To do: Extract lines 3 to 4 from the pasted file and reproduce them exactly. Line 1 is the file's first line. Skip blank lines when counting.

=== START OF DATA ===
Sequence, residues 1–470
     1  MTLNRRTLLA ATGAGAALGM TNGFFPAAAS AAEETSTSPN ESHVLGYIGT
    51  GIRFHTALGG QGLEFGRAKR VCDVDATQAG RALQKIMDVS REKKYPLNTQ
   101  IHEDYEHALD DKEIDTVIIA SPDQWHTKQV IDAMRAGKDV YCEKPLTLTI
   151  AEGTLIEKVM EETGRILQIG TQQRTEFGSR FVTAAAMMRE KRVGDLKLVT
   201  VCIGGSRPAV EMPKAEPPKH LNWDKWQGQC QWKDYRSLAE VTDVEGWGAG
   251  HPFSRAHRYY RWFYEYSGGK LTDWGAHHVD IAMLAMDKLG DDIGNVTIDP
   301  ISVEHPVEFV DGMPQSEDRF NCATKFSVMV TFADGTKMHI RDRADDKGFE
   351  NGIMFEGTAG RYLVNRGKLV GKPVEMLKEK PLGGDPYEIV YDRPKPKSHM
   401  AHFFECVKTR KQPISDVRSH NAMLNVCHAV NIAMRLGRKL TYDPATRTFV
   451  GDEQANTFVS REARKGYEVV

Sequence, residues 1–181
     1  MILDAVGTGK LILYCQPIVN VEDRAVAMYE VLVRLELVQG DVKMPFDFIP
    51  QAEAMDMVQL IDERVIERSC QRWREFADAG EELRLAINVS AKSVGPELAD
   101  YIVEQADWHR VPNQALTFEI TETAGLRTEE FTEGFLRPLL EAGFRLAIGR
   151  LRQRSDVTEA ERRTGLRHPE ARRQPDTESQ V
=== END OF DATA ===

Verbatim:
    51  GIRFHTALGG QGLEFGRAKR VCDVDATQAG RALQKIMDVS REKKYPLNTQ
   101  IHEDYEHALD DKEIDTVIIA SPDQWHTKQV IDAMRAGKDV YCEKPLTLTI